Mr. BATES. How many outlets have you in the downtown area and where do they go into the river?
Mr. KEMP. We have no outlets directly on our sanitary sewers. Our outlets are on the combined and interceptor sewers so that when they get surcharged they go out into the streams. Mr. Johnson, who is Superintendent of the Sewer Division and Deputy Director of Sanitary Engineering, will answer that question. How many outlets, Mr. Johnson, do we actually have into the streams now?
(Statement later received for the record by Sewer Division, District of Columbia.)
Sewer Division, operating and maintenance, including sewage treatment plant and
public convenience stations
From the fiscal year 1936 through the fiscal year 1944, the total number of employees and the total cost of operating and maintaining the Sewer Division, including the sewage treatment plant and public-convenience stations, remained practically constant. The appropriation varied between $611,030 and $646,150, while the total number of employees fluctuated between 296 in 1937 and 266 in 1944. Cost of wage increases and the longer workweek during this period were absorbed by savings in personnel services.
The amount of sewage handled rose from 40.6 billion gallons in 1937 to 54.7 billion gallons in 1944. None of the sewage was treated in 1937, while 52.6 billion gallons were treated in 1944.
The increased cost of operating during 1945 and 1946 was due to increased wages and the increased cost of materials and supplies, together with the increased amount of sewage handled. The increase in the amount of sewage was a direct result of the increased population of the District of Columbia. In 1937 the population was 622,000 and in 1946, 910,000. The sewage handled increased from 40.6 billion gallons per year in 1937 to 62.6 billion gallons per year in 1946. 54.8 billion gallons were treated in 1946.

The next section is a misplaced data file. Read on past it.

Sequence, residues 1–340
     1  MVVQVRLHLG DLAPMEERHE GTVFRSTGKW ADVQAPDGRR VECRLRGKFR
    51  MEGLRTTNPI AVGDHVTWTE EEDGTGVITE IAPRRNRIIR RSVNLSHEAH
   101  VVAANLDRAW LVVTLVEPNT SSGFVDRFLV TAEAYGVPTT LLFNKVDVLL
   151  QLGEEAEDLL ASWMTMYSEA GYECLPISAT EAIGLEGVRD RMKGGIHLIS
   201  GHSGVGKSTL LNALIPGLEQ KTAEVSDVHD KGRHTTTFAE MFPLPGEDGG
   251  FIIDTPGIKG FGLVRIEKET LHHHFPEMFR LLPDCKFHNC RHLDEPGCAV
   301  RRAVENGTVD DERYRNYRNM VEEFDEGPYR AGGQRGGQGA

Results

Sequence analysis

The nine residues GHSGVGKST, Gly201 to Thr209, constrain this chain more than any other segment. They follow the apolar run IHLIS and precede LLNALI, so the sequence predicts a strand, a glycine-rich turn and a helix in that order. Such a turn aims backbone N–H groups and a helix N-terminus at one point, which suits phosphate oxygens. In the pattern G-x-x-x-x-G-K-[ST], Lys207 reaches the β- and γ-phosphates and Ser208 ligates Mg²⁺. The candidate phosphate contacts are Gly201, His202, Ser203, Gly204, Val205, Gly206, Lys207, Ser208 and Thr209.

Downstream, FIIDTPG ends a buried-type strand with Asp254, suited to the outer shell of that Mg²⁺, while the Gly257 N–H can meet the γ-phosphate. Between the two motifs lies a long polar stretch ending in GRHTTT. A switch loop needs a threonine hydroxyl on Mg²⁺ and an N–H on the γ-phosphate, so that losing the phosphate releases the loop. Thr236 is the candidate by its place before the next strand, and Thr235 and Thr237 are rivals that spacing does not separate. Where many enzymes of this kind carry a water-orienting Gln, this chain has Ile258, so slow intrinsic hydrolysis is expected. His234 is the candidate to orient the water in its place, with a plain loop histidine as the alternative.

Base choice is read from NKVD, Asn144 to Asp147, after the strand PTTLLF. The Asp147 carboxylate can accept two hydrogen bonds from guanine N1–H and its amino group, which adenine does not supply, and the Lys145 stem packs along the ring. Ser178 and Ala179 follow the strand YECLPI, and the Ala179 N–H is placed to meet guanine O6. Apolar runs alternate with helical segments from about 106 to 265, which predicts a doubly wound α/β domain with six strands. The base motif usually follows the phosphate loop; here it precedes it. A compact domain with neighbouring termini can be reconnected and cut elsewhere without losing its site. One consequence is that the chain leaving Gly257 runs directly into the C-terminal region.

STATEMENT OF ELLWOOD JOHNSON, DEPUTY DIRECTOR OF
SANITARY ENGINEERING FOR THE DISTRICT OF COLUMBIA, WASHINGTON, D. C.
Mr. Johnson. That question has to be answered in a roundabout way, Mr. Bates.
The sewers of the District of Columbia are laid out in three different systems, as Mr. Kemp said. Years ago there were sewers which were installed in the valleys of the old city. The Sewer Division itselfthe Sewer Department, as it was called in those days—was not created until almost exactly a hundred years after the original plan of the city was laid out.
In the eighties, or after the organic act, consulting engineers were engaged to lay out a system of sewers for the District of Columbia. They laid out a system consisting of interceptors which would take the dry-weather flow from the sewers before emptying into the creeks, and take it eventually to a pumping plant at the foot of New Jersey Avenue. Those interceptors were built in such a way that they intercepted the dry-weather flow from the lateral sewers, including the large trunk sewers.